Percutaneous transhepatic cholangiogram Definition A percutaneous transhepatic cholangiogram (PTCA) is an x-ray of the bile ducts. These are the tubes that carry bile from the liver to the gallbladder and small intestine.
Alternative Names PTCA; Cholangiogram - PTCA; PTC; PBD-Precutaneous Biliary drainage
How the Test is Performed The test is performed in a radiology department by a radiologist.
You will be asked to lie on your back on the x-ray table. The health care provider will clean the upper right and middle area of your belly area and then apply a numbing medicine.
X-rays are used to help the health care provider locate your liver and bile ducts. A long, thin, flexible needle is then inserted through the skin into the liver. The health care provider injects dye, called contrast medium, into the bile ducts. Contrast helps highlight certain areas so they can be seen . More x-rays are taken as the dye flows through the bile ducts into the small intestine. This can be seen on a nearby video monitor.
You will be given medicine to calm you (sedation) for this procedure.
How to Prepare for the Test Inform the health care provider if you are pregnant. You will be given a hospital gown to wear and will be asked to remove all jewelry.
You will be asked not to eat or drink anything for 6 hours prior to the exam.
Tell your health care provider if you are taking any blood thinners such as warfarin (coumadin),Plavix (clopidrogrel), Pradaxa or Xarelto.
How the Test will Feel There will be a sting as the anesthetic is given. You may have some discomfort as the needle is advanced into the liver.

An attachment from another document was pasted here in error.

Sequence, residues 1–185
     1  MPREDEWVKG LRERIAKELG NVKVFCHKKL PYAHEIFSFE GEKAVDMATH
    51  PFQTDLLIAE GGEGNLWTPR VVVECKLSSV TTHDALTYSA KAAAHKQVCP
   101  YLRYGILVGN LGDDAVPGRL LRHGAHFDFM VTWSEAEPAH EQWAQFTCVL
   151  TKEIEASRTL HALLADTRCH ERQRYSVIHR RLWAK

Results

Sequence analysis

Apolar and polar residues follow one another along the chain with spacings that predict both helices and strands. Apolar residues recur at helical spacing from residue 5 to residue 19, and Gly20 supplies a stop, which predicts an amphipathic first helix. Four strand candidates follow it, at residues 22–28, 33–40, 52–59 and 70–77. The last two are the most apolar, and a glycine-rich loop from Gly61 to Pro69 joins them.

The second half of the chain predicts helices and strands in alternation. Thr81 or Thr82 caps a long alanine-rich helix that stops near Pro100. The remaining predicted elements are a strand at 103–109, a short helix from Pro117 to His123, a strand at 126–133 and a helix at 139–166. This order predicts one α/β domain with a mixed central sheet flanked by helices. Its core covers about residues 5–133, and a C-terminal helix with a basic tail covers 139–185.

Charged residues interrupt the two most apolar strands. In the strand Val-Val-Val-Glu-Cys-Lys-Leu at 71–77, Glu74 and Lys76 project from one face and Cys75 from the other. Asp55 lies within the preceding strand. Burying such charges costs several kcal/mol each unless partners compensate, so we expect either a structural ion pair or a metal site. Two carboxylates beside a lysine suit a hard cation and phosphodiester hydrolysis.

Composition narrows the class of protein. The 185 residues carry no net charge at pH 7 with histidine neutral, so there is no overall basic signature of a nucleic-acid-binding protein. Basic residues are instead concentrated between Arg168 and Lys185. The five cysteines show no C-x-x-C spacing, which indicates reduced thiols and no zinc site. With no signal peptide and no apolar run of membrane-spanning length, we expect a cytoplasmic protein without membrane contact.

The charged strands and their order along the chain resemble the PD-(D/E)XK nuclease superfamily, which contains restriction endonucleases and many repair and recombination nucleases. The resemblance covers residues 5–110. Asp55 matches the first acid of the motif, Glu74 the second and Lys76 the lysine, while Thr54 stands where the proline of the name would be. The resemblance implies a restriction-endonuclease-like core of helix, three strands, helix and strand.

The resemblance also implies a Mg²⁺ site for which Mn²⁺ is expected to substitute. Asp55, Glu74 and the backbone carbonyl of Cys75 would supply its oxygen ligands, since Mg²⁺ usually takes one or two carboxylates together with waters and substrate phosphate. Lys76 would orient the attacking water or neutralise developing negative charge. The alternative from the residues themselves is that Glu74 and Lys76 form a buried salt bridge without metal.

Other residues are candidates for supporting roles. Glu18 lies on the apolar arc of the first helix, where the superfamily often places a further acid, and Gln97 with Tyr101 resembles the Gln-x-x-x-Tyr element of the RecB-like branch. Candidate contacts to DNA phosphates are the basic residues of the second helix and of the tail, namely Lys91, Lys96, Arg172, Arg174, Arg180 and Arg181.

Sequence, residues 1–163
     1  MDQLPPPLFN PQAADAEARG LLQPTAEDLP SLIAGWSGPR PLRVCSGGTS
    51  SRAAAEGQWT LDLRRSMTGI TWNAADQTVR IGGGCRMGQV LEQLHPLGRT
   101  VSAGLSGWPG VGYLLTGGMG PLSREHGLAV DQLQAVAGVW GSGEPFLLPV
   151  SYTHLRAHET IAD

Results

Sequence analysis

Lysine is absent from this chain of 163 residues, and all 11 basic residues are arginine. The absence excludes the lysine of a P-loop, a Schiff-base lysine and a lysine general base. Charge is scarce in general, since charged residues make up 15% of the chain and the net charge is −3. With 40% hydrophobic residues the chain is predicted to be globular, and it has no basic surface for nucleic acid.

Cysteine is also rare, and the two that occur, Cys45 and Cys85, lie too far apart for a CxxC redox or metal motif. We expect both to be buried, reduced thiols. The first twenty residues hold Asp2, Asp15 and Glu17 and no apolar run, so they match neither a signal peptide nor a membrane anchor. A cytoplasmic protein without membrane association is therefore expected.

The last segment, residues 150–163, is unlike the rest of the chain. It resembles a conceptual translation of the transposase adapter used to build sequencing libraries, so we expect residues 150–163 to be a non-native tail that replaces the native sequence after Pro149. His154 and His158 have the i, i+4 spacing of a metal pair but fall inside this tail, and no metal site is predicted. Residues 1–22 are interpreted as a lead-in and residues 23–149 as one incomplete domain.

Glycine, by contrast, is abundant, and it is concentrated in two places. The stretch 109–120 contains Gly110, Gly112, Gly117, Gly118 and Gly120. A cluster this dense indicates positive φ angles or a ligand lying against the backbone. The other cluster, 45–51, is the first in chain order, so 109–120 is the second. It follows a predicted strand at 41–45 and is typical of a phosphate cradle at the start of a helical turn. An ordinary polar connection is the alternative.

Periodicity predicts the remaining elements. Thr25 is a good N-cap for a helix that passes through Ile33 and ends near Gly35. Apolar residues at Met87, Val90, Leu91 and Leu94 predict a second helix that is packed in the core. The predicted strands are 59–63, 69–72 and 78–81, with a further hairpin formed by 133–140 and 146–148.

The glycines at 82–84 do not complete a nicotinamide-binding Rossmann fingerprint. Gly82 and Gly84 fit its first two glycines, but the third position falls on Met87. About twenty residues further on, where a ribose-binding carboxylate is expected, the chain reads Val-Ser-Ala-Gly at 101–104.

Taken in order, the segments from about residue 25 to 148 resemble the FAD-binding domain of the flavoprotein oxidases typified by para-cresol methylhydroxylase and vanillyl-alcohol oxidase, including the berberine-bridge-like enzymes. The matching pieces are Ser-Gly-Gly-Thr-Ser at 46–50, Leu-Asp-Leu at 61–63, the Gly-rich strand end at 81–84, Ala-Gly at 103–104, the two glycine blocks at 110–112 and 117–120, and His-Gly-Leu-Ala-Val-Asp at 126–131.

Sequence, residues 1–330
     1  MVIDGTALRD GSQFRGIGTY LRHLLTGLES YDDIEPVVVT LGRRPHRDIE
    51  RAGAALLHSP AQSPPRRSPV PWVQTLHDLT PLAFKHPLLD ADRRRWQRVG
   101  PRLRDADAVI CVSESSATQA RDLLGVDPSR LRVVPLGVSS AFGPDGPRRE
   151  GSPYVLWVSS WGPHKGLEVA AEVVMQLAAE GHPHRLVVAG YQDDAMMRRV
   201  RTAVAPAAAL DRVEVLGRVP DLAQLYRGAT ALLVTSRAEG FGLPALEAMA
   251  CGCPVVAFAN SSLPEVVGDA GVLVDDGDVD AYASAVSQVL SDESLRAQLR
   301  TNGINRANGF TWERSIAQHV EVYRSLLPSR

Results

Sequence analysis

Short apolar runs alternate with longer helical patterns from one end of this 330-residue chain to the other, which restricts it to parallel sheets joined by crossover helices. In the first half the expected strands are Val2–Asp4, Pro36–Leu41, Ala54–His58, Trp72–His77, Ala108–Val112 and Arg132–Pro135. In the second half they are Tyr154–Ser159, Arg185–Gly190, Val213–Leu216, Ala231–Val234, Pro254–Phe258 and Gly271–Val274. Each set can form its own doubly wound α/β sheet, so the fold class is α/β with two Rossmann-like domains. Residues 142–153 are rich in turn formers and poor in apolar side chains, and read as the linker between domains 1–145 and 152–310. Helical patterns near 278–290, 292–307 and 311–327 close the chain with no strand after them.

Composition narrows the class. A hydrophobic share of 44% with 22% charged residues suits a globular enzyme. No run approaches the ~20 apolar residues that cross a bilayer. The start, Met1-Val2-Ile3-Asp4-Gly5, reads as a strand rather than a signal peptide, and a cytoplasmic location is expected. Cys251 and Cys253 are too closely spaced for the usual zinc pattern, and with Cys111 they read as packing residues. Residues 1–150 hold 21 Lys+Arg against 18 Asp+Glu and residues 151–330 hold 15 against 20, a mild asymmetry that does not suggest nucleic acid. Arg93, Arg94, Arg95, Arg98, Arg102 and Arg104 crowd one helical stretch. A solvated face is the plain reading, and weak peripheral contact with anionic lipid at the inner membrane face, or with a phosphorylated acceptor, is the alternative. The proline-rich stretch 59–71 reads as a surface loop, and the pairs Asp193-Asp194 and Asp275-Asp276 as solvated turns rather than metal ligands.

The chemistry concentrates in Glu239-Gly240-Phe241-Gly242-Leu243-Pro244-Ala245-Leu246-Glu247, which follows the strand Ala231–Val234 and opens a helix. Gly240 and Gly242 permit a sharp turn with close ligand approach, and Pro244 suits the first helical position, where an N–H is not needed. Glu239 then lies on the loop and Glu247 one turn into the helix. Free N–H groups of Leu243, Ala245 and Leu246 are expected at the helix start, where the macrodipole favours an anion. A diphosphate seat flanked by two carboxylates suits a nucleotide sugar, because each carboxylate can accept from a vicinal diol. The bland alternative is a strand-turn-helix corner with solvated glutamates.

Why the Test is Performed This test can help diagnose the cause of a bile duct blockage.
Bile a liquid released by the liver. It contains cholesterol, bile salts, and waste products. Bile salts help your body break down (digest) fats. A blockage of the bile duct can lead to jaundice (yellow discoloration of the skin), itching of the skin or infection of the liver, gallbladder or pancreas.
When it is performed, PTCA is usually the first part of a two step process to relieve or treat a blockage.
The PTCA makes a "roadmap" of the bile ducts which can be used to plan the treatment.
After the roadmap is done the blockage can be treated by either placing a stent or a thin tube called a drain.
The drain or stent will help the body get rid of the bile from the body. That process is called Percutaneous Biliary Drainage-PTBD. Normal Results
bile ducts are normal in size and appearance for the age of the patient.
What Abnormal Results Mean The results may show that the ducts are enlarged. This may mean that the ducts are blocked. The blockage may be caused by scarring or stones. It may also indicate cancer in the bile ducts, liver, pancreas, or region of the gallbladder. Risks There is a slight chance of an allergic reaction to the contrast medium (iodine).
There is also a small risk of:
Damage to nearby organs
Excessive blood loss
Blood poisoning (sepsis)
Inflammation of the bile ducts. Considerations Most of the time, this test is done after endoscopic retrograde cholangiopancreatography (ERCP) test has been tried first. The PTC may be done if an ERCP test cannot be performed or has failed to clear the blockage.
A magnetic resonance cholangiopancreatography (MRCP) is a newer, noninvasive imaging method, based on MRI. It also provides views of the bile ducts, but is not always possible to do this exam. Also, MRCP cannot be used to treat the blockage.
Lidofsky S. Jaundice. In: Feldman M, Friedman LS, Brandt LJ, eds.
Sleisenger and Fordtran's Gastrointestinal and Liver Disease. 9th ed. Philadelphia, Pa: Saunders Elsevier; 2010:chap 20.
Wael E.A. Saad, Michael J. Wallace, Joan C. Wojak, Sanjoy Kundu. Quality Improvement Guidelines for Percutaneous Transhepatic Cholangiography, Biliary Drainage, and Percutaneous Cholecystostomy.
Journal of Vascular and Interventional Radiology Vol. 21, Issue 6, June 2010:pp.789-795.
Jason Levy, MD, Northside Radiology Associates, Atlanta, Georgia. Also reviewed by A.D.A.M. Health Solutions, Ebix, Inc., Editorial Team: David Zieve, MD, MHA, Bethanne Black, Stephanie Slon, and Nissi Wang.
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